If you really want to see a modern-day Geisha performance, then you have better luck going to an authentic ochaya – a geisha tea house. Some of the teahouses were built as early as the 17th century and have managed to survive the passing of the centuries. A number of them are located along main Gion spots like Shijo Street and Hanami Lane. These establishments offer private geisha shows. But because they are very exclusive, be prepared to spend top dollar to secure a seat. Ichiriki Chaya is hailed to be one of the oldest and most popular ochayas in all of Kyoto.
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If you don’t have the deep wallet to see the beauty and grace of a real Geisha, you might as well treat your eyes to another kind of aesthetic. Also called Shirakawa Minamidori, Shimbashi’s beauty is not only mesmerizing, it is also haunting. It is tranquil and nostalgic, but never assuming. Come here in the evening to admire the cherry blossoms (if they are blooming), small canals, and old buildings that seemed to defy the wishes of time. Shimbashi is to the north of the Shijodori and Hanami-koji intersection. And whatever you do, don’t leave Gion without properly admiring it.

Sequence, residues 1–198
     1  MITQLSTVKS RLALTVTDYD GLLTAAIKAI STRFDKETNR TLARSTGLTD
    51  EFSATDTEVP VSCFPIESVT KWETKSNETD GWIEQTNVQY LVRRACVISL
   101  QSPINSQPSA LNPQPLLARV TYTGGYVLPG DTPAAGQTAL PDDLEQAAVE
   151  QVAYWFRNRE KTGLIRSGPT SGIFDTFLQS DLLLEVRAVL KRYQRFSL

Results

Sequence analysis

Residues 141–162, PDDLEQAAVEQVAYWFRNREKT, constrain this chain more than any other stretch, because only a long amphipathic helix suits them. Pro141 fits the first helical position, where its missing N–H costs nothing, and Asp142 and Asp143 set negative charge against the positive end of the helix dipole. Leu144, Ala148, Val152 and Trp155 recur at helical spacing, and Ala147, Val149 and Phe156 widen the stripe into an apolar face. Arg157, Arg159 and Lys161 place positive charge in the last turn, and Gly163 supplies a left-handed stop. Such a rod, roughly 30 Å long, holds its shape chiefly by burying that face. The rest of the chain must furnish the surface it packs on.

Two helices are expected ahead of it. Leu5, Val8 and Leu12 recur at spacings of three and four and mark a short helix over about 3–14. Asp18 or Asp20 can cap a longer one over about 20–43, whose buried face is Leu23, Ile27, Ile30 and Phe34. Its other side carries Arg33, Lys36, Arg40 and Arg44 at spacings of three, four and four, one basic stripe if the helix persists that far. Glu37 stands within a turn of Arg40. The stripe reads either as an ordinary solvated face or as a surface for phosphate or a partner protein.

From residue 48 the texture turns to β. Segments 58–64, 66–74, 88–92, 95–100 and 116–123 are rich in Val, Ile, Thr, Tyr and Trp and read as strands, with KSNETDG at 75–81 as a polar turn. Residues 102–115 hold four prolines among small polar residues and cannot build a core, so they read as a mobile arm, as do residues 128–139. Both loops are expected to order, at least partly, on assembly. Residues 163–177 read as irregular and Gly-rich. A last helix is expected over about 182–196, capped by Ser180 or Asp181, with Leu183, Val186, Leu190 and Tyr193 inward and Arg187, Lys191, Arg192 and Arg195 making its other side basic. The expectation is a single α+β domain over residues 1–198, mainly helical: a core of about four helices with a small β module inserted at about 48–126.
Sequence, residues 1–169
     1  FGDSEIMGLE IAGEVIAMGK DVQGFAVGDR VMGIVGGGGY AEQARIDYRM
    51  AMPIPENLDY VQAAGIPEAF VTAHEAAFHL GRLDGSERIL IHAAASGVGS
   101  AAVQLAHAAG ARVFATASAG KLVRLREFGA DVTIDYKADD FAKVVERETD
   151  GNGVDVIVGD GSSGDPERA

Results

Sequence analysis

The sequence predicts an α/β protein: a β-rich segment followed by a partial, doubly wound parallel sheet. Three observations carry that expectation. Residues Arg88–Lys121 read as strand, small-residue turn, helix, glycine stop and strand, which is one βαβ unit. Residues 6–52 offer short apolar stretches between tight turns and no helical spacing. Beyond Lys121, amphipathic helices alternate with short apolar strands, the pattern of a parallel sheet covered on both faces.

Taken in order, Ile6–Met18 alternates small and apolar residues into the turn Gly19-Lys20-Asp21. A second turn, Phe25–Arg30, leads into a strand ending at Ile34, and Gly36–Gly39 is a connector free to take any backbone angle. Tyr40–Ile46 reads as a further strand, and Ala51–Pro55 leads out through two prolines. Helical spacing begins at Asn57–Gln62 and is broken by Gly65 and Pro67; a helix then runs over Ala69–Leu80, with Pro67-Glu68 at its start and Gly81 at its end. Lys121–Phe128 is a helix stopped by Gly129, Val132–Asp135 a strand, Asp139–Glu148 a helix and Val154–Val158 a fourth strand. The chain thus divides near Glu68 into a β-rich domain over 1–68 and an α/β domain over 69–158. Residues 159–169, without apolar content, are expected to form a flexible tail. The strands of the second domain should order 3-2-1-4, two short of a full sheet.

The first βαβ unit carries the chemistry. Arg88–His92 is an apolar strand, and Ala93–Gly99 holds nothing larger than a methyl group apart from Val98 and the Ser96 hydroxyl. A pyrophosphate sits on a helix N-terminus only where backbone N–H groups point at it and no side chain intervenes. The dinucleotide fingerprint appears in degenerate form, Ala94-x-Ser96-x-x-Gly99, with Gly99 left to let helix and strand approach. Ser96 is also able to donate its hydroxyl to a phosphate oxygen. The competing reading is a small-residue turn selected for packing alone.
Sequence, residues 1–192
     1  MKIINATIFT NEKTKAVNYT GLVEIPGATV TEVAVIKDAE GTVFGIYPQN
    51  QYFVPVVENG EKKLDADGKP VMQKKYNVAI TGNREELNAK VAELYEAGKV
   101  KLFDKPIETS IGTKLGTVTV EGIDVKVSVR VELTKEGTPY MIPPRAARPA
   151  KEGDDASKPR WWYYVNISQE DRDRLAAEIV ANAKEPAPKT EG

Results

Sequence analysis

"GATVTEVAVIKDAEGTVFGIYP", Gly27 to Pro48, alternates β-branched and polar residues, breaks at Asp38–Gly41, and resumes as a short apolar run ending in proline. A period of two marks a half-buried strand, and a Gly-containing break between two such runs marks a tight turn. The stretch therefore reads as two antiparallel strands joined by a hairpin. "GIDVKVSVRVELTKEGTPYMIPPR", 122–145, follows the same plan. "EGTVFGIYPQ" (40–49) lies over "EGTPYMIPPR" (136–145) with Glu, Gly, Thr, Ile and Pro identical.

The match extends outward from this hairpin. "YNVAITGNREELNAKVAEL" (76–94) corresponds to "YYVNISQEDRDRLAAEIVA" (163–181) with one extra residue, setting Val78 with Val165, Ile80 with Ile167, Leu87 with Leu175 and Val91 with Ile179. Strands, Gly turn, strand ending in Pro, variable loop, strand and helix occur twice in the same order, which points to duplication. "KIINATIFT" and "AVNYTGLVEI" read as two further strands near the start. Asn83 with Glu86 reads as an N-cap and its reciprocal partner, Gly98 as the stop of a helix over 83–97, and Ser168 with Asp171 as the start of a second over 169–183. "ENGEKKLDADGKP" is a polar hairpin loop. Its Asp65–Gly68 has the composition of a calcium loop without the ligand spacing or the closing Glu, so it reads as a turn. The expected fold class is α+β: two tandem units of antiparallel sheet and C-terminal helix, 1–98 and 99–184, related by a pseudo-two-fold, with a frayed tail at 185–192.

Where did we choose to stay in Kyoto?
We had a few priorities to consider before we booked our room for Kyoto. Primarily, we wanted to be close to Gion – the Geisha district of Kyoto, while at the same time being close enough to the public transport options in the city. We were travelling on a pretty tight budget. We eventually decided to stay at Santiago Guesthouse Kyoto. We have no direct affiliation with this property so our opinion is an unbiased one. Overall, it was a nice guesthouse with friendly staff and a ‘backpacker’ vibe. It’s about 7-10 minutes from Gion. I wouldn’t recommend it if you’re seeking privacy or luxury by any means. At the time of writing it had ascore of 8.2/10 based on 451 verified customer reviews.
How to find the cheapest rooms in Kyoto?
The first thing you need to understand before you book your room in Kyoto is that the city gets super busy during peak season (April for instance). Kyoto is loaded with attractions, so be sure to check on a map exactly where you want to stay before booking. We found our rooms using large, reputable hotel providers like agoda.comand booking.com. They had a huge selection of rooms in Kyoto.
If you would prefer to shop around for the cheapest rooms, then try outhotelscombined.com. They have been rated the top hotel price comparision site in the world for the last few years. They make it super easy to find cheap rooms in large cities like Kyoto with all the reputable sites out there. I have made links below to their respective rooms lists for Kyoto to save you some time:
Top Rated Properties on Kyoto Based on Verified Guest Reviews